solar panel charger front look
This is how it looks from the front... nothing different, you can barely see the led and usb port on top
detail charging led and usb port solar panel charger
This is a close detail of the area where the charging led and USB port lie
solar panel charger with backup battery in action
This is the reward for the hard work: solar panel at sunlight (not direct sunlight but enough); you see the detail of both the charging led being lit green (which means the charging circuit is powered by the solar panel, and the backup battery is fully charged, otherwise while charging, it would be lit red), and the HTC HD2 with the lit orange charging led

UPDATE (9/29/11): several visitors asked me how to change the procedure in order to build a vanilla solar chager with no backup battery; easily done: take the circuitry scheme above, ideally remove the part regarding the battery, the charging control PCB, and the cables coming and going to these, and you’re set.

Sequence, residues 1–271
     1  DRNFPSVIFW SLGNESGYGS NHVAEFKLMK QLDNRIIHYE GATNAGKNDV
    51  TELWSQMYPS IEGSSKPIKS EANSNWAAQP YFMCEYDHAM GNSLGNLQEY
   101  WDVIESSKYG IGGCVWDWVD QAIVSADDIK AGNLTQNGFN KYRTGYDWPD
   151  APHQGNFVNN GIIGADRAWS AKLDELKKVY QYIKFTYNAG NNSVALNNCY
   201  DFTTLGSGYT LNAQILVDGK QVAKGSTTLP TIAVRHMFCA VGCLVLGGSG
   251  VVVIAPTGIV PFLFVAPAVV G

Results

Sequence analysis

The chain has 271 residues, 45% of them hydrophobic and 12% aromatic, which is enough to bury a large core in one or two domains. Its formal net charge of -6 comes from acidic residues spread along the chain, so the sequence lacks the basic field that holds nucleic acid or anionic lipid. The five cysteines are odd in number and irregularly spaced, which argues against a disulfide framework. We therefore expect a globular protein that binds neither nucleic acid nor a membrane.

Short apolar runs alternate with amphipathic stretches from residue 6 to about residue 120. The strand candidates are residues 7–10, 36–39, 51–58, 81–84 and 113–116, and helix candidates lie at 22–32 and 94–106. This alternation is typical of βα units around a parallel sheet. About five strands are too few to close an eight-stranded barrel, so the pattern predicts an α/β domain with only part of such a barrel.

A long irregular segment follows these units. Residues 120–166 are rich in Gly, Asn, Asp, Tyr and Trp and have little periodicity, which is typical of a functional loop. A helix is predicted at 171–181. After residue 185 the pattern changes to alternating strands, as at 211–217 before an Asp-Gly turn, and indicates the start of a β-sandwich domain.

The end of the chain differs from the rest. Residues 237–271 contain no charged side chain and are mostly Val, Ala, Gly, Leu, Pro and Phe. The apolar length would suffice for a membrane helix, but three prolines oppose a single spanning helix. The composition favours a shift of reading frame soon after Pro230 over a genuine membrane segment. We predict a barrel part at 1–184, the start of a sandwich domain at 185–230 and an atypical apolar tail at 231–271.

UPDATE (11/4/11): mpigio in the comments pointed out a serious flaw in the electrical scheme: the protection circuit was useless, since the battery was directly in parallel with the solar panel; I just added a diode coming out of the battery, so this is finally safe.
On a side note, as other pointed out in the comments, instead of digging for a recharging protection, you may just buy a protected 18650, that is a battery that has its own integrated protection circuit.